Keeping track of my yearly goals – Mid-year freak out – June reading wrap-up

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With the world in a weird place right now – politics kinda scaring me, cancel culture burning through the internet, pandemics, weather catastrophes, huge social issues around discrimination and questioning a person’s right to live… and many of us are out of work, stuck at home wondering about our future, the security of our homes and families. My little list of goals for 2020 feel so trivial and somewhat irrelevant. This list was made in a time when I wasn’t fearing if I could put food on the table, have access to medical care, or being able to keep my house. But I know the planet will get through this. There will be a time of getting a back to normal – even if it is a new normal. So I will keep this list and track it for now. But depending on the direction of our communities and climates I may have to change and revisit my priorities towards the latter end of the year. So, for now, here’s an update on where I’m at on all things related to my reading and writing goals…

Book worm:

Quarterly Goals 2020 Pic 02 by Casey CarlisleI’ve managed to get my TBR down from 453 to 417 so far with no new book purchases. With reading as widely in genre as I possibly can and the COVID-19 shutdown, I’ve managed to get a lot more reading accomplished, finishing off neglected series, discovering some more enjoyable reads, and it’s re-ignited my love for reading again. Though, admittedly, I haven’t made any inroads into my promise to include text books and reference material: mainly for professional development and feeding a curious mind. But I will get there.

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Books I’ve managed to complete for June 2020

Scribe and scribble:

Quarterly Goals 2020 Pic 03 by Casey CarlisleI have been determined to get my word count up and finish some projects this year – with three novels waiting final edits and 2 novels both at the halfway point… I have been writing, but in comparison to the previous three years I’m not getting as much work done. I know I took April off writing when sick, but I’m going to have to seriously pick up my game if I want to reach my goals. And this is the most important goal for me! I have to take a conservative look at my habits, stop making excuses, and put my head down and work!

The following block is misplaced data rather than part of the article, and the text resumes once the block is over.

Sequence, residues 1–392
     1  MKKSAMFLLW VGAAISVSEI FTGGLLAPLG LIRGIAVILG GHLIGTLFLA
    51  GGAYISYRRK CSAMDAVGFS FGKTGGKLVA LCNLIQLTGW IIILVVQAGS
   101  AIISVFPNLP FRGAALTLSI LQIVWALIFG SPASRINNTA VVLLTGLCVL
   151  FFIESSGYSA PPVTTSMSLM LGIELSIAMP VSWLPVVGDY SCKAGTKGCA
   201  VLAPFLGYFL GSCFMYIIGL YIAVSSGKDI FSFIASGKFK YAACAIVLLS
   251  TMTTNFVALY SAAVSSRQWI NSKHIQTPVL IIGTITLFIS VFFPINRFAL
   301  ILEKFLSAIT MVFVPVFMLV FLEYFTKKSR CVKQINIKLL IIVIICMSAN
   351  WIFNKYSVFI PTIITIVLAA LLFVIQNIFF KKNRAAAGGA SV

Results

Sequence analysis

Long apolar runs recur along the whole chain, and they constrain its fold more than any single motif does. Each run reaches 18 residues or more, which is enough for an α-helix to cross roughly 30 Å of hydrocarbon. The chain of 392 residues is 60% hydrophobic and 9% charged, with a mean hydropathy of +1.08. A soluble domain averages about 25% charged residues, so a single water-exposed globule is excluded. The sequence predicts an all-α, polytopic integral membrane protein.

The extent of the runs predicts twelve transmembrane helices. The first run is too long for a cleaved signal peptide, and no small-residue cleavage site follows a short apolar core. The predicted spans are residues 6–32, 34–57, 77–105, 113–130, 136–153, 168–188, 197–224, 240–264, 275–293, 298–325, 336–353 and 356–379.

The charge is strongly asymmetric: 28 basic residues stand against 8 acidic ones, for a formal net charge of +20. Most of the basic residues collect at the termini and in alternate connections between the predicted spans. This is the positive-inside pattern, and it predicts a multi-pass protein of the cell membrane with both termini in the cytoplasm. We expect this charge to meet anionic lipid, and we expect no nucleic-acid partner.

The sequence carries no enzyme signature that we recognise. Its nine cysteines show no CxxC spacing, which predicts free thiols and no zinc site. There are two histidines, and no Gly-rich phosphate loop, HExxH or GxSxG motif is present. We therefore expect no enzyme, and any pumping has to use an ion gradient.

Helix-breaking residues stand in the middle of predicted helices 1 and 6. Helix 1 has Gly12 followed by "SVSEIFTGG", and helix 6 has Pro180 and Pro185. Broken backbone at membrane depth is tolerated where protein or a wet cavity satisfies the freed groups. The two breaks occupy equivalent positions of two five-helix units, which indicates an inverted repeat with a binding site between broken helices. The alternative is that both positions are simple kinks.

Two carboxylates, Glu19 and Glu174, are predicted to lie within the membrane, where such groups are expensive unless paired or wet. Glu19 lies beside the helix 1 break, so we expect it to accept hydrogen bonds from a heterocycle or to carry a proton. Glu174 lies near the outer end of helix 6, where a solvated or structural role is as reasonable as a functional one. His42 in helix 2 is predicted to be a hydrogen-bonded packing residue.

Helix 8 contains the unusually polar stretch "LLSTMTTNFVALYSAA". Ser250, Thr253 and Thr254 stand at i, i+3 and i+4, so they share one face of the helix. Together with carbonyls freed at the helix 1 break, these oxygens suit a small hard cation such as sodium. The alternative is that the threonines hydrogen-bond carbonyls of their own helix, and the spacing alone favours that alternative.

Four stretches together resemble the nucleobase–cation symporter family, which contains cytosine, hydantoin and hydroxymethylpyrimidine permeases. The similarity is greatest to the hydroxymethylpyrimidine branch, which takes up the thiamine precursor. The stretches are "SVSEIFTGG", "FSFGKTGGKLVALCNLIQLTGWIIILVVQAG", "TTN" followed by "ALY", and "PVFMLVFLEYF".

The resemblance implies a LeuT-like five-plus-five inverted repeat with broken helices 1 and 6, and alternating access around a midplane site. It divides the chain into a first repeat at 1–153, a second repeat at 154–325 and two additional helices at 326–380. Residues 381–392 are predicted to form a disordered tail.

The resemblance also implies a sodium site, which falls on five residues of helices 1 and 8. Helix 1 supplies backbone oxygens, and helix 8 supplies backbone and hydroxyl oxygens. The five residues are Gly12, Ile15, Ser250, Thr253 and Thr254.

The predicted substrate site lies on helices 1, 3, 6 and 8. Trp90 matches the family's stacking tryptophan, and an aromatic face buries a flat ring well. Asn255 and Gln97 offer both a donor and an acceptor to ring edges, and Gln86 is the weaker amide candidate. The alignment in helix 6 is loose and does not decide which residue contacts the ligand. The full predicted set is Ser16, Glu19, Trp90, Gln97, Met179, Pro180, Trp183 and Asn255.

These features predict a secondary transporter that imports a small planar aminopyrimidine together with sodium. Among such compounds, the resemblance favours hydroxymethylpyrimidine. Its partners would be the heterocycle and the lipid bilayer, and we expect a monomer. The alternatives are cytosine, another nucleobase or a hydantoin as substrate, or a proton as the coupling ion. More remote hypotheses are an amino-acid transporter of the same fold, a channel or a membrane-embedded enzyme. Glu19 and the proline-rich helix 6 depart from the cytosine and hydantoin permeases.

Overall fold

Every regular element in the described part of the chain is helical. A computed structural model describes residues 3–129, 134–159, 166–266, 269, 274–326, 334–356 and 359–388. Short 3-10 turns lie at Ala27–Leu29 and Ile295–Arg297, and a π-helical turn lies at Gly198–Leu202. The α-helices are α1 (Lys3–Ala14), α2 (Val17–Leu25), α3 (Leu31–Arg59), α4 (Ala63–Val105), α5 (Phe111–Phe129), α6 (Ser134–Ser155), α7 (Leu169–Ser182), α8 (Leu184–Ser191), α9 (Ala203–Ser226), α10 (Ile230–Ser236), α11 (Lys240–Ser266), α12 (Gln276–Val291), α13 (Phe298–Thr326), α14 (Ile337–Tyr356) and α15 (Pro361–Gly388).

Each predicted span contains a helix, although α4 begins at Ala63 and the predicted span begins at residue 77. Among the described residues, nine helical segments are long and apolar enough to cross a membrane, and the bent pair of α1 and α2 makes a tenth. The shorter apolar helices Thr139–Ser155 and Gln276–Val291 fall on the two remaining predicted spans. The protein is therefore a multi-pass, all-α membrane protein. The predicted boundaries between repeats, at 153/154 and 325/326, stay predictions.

Levelling Up:

PrintThe online certification in marketing that I wanted to finish in March is still waiting to get completed… it’s starting to feel boring and repetitive, but I just have to suck it up and get it done. With all this isolation, it was a prime time to knock off this achievement and I have dropped the ball. On a different note, I’ve been doing a lot of research and networking with other authors and the publishing industry, so it has not been a complete waste. Knowledge is knowledge.

 

Social Butterfly:

Quarterly Goals 2020 Pic 05 by Casey CarlisleThe shutdown has meant no social interaction in person – which was the whole point of me including this in my goals list. Being a writer is pretty isolating and I was missing catching up with friends and being a social butterfly. Having some fun. Attending some writing conventions or workshops. Welp, nothing has happened here. Doh! Damn virus! Though I managed to catch up with nearly all my friends and family online as they suddenly had time to chat, skype, and email. So at least everyone knows I’m not dead.

 

Get creative:

Quarterly Goals 2020 Pic 06 by Casey CarlisleAll of the creative projects that I have earmarked have also screeched to a halt. Mainly because of the money I would need to spend (and shops I’d have to visit) to complete them. And with all my household out of work and social isolation still in place, getting my creative on has proven difficult. Though I have started making a list of new projects that I can complete without spending money or leaving the house… though it just feels like I’m adding to the list rather than completing the ones that I’m halfway through. For now, I’m concentrating on writing and raising our household’s income. The fun stuff is going to have to wait.

 

 Cash grab:

Fist Full of Money

Everyone started having online garage sales with the self-isolation to help many losing their source of income. So it felt like the market was saturated and I was hesitant to join the fray. Plus I’m having to pick up the slack with the rest of the household unemployed. I can still earn and operate my business online, so I’ve been bidding for more writing gigs and leaving this clearing out of clutter and selling online business until I have the time and people are feeling confident with spending again.

 

Work that body:

Quarterly Goals 2020 Pic 08 by Casey CarlisleI was actually starting to make progress with managing my health and fitness until the COVID-19 shutdown. My gym only opened last week. Though I was taking daily walks in the bushland behind my house, using the elliptical, and following some fitness workouts on YouTube, I’ve actually gained weight and lost mobility with the frequent flare-ups of my back injury and no access to specialised gym equipment and my chiropractor. I’m actually a little miserable at this back-slide.